[Python-Dev] Breaking calls to object.__init__/__new__

Guido van Rossum guido at python.org
Thu Mar 22 04:37:34 CET 2007

On 3/21/07, Jean-Paul Calderone <exarkun at divmod.com> wrote:
> On Wed, 21 Mar 2007 15:45:16 -0700, Guido van Rossum <guido at python.org> wrote:
> >See python.org/sf/1683368. I'd like to invite opinions on whether it's
> >worth breaking an unknown amount of user code in 2.6 for the sake of
> >stricter argument checking for object.__init__ and object.__new__. I
> >think it probably isn't; but the strict version could be added to 3.0
> >and a warning issued in 2.6 in -Wpy3k mode. Alternatively, we could
> >introduce the stricter code in 2.6, fix the stdlib modules that it
> >breaks, and hope for the best. Opinions?
> >
> Perhaps I misunderstand the patch, but it would appear to break not just
> some inadvisable uses of super(), but an actual core feature of super().
> Maybe someone can set me right.  Is this correct?
>   class Base(object):
>       def __init__(self, important):
>           # Don't upcall with `important` because object is the base
>           # class and its __init__ doesn't care (or won't accept) it
>           super(Base, self).__init__()
>           self.a = important
> If so, what are the implications for this?
>   class Other(object):
>       def __init__(self, important):
>           # Don't upcall with `important` because object is the base
>           # class and its __init__ doesn't care (or won't accept) it
>           super(Other, self).__init__()
>           self.b = important
>   class Derived(Base, Other):
>       pass
> (A similar example could be given where Base and Other take differently
> named arguments with nothing to do with each other.  The end result is
> the same either way, I think.)
> I think I understand the desire to pull keyword arguments out at each
> step of the upcalling process, but I don't see how it can work, since
> "up" calling isn't always what's going on - given a diamond, there's
> arbitrary side-calling, so for cooperation to work every method has to
> pass on every argument, so object.__init__ has to take arbitrary args,
> since no one knows when their "up" call will actually hit object.
> Since without diamonds, naive "by-name" upcalling works, I assume that
> super() is actually intended to be used with diamonds, so this seems
> relevant.
> I hope I've just overlooked something.  Writing this email feels very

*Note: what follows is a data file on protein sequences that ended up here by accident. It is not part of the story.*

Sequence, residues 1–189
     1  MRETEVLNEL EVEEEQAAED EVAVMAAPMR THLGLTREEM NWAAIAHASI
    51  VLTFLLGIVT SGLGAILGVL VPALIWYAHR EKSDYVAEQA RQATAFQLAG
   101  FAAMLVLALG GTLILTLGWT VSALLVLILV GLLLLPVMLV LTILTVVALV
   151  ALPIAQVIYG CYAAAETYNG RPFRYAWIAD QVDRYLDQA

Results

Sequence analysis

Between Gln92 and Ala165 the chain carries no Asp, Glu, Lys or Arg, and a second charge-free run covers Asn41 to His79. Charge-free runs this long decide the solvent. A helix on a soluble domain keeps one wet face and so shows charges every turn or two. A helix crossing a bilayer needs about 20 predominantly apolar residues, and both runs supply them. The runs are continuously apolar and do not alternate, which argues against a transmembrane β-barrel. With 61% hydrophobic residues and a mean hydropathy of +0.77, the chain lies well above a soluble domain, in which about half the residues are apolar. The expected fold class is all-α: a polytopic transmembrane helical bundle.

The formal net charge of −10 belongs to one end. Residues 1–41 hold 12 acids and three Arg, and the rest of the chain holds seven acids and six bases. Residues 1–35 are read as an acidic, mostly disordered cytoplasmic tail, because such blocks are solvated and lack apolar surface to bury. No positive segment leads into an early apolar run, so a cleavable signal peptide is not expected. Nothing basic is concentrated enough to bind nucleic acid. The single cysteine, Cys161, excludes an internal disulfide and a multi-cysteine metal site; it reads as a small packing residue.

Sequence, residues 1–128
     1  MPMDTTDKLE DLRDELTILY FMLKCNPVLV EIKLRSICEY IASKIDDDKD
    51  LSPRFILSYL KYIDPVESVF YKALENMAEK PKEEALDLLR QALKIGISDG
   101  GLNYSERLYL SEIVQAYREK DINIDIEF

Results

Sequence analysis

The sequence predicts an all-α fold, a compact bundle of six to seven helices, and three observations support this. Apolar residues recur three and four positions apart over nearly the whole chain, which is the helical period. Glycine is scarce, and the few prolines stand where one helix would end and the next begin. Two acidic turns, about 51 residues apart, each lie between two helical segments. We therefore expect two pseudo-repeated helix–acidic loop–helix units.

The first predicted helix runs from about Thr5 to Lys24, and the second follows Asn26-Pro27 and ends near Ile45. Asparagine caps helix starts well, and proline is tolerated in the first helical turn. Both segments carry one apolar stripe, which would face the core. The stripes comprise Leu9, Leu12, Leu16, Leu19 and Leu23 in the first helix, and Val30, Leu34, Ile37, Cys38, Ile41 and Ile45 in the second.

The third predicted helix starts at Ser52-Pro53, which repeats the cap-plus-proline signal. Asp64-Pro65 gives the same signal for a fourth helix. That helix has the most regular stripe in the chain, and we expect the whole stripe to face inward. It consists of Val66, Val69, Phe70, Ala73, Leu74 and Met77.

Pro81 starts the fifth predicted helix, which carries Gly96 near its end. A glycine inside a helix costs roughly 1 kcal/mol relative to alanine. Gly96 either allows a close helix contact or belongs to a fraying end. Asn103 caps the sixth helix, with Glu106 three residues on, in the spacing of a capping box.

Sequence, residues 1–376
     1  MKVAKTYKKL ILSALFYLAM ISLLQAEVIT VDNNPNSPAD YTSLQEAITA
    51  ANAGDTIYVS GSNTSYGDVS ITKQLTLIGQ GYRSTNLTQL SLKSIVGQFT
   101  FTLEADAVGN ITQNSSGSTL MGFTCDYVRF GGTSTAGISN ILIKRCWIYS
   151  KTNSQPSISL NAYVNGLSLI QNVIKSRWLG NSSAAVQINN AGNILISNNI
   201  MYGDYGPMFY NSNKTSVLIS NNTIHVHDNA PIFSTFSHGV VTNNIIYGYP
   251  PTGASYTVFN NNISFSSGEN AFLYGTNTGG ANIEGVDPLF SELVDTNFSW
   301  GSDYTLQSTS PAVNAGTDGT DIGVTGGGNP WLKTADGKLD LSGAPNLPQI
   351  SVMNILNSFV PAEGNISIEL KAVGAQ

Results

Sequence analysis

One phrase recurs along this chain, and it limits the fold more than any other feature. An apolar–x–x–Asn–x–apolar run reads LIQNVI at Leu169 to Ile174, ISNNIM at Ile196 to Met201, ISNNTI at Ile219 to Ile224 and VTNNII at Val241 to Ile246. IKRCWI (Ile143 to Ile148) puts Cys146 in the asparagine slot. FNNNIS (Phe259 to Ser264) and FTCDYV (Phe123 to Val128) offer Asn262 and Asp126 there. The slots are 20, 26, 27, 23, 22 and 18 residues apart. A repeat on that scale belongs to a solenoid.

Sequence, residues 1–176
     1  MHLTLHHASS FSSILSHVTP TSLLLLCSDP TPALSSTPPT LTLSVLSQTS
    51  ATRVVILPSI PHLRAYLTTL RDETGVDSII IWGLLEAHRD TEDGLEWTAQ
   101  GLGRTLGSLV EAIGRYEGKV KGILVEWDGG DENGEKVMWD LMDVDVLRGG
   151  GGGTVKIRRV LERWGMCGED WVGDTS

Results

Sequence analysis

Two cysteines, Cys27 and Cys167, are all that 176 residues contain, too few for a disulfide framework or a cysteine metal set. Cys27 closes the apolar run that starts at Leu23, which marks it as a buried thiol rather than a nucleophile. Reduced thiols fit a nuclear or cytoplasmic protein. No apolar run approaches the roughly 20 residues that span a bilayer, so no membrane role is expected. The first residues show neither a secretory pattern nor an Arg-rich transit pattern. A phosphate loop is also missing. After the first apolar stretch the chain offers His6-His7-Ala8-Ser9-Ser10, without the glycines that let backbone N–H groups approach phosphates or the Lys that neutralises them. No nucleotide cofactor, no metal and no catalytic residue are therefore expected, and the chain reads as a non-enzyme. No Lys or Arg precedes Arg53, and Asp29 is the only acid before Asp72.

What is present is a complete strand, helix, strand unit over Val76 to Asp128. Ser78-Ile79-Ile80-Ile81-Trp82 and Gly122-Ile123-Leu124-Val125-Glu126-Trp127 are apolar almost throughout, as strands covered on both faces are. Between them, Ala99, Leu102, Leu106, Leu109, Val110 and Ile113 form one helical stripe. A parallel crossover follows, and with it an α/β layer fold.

> strange.
> Jean-Paul

There are different philosophies about the correct style for
cooperative super calls.

The submitter of the bug report likes to remove "consumed" arguments
and pass the others on, having something at the root that complains
about any unused arguments. It has the problem that you mention: if
multiple classes might be interested in the *same* argument they won't
see it. The other style is to pass *all* arguments down, and let
everyone cherry-pick them. The last call then just throws them away.
This has the problem that misspelled arguments are silently ignored
rather than being diagnosed at the point where you can do something
about it.

I don't know what the "best practice" is (like Greg Ewing, I don't use
either style myself) but I've got a feeling that it must be easier to
solve the former problem than the latter (also I don't know that the
former actually occurs in practice). When using more traditional
styles, or single inheritance, it certainly makes more sense to reject
excess arguments than to ignore them; the original code was clearly
intending to do this, but due to the minimalist coding, it didn't
catch enough.

I've pretty much made up my mind at this point that the right way
forward is to be strict; in 3.0 we can afford to be strict as in the
strict version of the patch, while in 2.6 we'll be less strict, but
still stricter than 2.5; 2.6 in -Wpy3k mode will issue warnings for
those cases where 3.0 will issue an error but 2.6 doesn't.

--Guido van Rossum (home page: http://www.python.org/~guido/)

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